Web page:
- Exercise decreases ‘stress hormones’ like cortisol, and increases endorphins, which are your body’s ‘feel-good’ chemicals. The result gives your mood a natural boost.
- Physical activity can take your mind off of your problems. Exercise usually involves a change of scenery as well, either taking you to a gym, a park, a dojo, a biking trail, or a neighborhood sidewalk, all of which can be pleasant, low-stress places.
- Exercise helps you lose weight, and many people feel a boost as clothes look more flattering on, and as a result they project increased confidence and strength.
- Stress can cause illness, and illness can cause stress. So, improving overall health with exercise can also save a great deal of stress in the short run, by strengthening your immunity to colds, the flu and other minor illnesses, and in the long run, by helping you stay healthier longer.
- Research shows that physical activity may be linked to lower physiological reactivity toward stress. Simply put, those who get more exercise become less affected by the stress they face.
The 180-Day Savings Challenge
Maybe your loan will loan be modified, maybe it won’t. Maybe it’s bankruptcy that’s the best path, or maybe it’s not. There are many potential outcomes for homeowner at risk of foreclosure. But all of them involve one thing: money.
The answer is money. What was your question?
Start saving on day one of your loan modification process, and it may be advantageous to think of this saving as part of a challenge. Here’s what I’ve often said to homeowners when they’ve called me to tell me they just started the loan modification process.
1. I start by reminding them that the process is lengthy, stressful and no fun.
2. I explain bluntly that six months from now, they may or may not have been successful getting their mortgage modified, but regardless of where that situation stands six months down the road, they’re going to want to have as much money as they can sock away. And there’s no better time than right away to start saving even small amounts.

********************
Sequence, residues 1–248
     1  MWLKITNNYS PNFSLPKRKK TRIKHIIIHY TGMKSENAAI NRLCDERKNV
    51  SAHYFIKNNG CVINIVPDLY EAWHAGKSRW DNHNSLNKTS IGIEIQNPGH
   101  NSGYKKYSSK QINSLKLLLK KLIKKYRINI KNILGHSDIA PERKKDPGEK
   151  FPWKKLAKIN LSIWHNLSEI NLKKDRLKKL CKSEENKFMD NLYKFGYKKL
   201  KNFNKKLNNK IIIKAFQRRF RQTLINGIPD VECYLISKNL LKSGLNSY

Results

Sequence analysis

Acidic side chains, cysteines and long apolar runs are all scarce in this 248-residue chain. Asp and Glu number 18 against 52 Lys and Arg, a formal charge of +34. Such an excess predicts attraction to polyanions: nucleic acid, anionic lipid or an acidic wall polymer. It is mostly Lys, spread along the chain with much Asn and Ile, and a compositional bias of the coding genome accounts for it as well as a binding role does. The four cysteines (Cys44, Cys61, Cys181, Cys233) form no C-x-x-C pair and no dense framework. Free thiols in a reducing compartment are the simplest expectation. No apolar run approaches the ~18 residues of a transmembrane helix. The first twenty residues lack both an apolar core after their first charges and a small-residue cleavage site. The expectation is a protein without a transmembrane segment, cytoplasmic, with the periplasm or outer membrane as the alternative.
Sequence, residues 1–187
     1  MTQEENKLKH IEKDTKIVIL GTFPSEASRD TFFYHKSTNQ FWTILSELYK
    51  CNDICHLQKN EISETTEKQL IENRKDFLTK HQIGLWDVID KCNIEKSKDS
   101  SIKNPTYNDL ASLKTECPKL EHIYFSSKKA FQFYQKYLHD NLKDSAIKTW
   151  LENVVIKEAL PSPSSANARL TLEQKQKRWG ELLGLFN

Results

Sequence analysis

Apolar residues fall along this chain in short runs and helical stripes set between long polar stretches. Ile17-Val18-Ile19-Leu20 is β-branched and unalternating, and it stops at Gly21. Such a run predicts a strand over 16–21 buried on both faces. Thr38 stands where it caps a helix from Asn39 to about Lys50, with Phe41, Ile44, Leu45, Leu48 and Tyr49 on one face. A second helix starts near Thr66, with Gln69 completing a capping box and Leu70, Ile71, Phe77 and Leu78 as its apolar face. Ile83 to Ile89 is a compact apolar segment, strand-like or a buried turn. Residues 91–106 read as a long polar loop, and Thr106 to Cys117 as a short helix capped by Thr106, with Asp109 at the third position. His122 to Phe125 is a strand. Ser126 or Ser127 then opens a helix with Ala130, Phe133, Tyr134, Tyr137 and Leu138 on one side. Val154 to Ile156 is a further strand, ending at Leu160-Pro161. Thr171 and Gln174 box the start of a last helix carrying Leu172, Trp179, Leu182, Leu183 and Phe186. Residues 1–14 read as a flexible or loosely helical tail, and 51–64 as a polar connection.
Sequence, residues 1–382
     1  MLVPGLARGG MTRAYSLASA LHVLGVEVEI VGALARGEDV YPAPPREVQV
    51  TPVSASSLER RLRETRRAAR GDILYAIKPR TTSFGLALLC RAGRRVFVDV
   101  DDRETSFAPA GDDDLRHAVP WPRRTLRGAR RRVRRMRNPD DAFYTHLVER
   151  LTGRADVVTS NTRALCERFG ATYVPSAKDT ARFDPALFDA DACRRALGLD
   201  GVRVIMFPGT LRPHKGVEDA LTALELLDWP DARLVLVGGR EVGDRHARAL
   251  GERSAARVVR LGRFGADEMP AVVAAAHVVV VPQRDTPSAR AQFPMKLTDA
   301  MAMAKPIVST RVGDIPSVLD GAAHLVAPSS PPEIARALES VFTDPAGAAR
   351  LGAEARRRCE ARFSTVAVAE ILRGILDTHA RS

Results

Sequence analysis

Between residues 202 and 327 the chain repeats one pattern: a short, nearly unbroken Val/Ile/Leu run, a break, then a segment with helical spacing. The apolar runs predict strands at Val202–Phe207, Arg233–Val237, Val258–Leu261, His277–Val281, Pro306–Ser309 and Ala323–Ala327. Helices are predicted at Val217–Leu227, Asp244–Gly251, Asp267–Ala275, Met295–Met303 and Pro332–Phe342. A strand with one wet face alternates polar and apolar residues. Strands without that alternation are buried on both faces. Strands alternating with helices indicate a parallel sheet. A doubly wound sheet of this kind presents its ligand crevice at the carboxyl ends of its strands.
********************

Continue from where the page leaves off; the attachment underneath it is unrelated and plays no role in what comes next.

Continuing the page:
3. I recommend everyone applying for a loan modification start their own 180-Day Savings Challenge.
4. Here’s all you need: A calendar to mark off the days as they pass, and chart progress along the way. A large jar in which to throw change and small bills. A commitment to answering the question: How much can we possibly save in 180-days if we try our absolute hardest to save every nickel.
Why is this important? Because if your lender or servicer fails to modify your loan as you hope they will, the only thing that may save your home is money, so you’ll need all you can get. Also, along the way… your lender or servicer may do something illegal or unfair under the law, and an attorney may be able to file a suit on your behalf. Check out how homeowners are slowly regaining some of their power:
But suing a bank isn’t cheap, much less free, so you’ll need money on hand for that. And lastly, maybe everything will work out exactly as planned, meaning that your loan will be modified to fit your financial situation, so you won’t need the money you’ve saved over the past six months, but who cares?
Won’t it be cool to know how much you can save in a six month period of you tried your hardest to do so? You bet it would, so there’s no reason not to get started immediately. Hold a garage sale? Sure. Babysitting on weekends, why not. Bake sale… sure but make it sugar-free.
I have to tell you that after spending all of my waking hours shoulder deep in the foreclosure crisis, watching our government bungle everything it touches, and talking with homeowners in almost all 50 states, I’ve wanted to quit a thousand times, and yet I’d never did. Because I’ve also met some of the world’s greatest people who I am proud to call friends today.
We’re in this together, whether you’re losing your house today… or possibly tomorrow. The link below will take you to my last bit of advice… and it’s perhaps the single most important thing you can do. It’s called the REST Report and you send it into your lender or servicer. It shows how the investor who owns your loan will come out by modifying instead of foreclosing. I wouldn’t even consider starting down the loan modification path without it.
And I’m here: firstname.lastname@example.org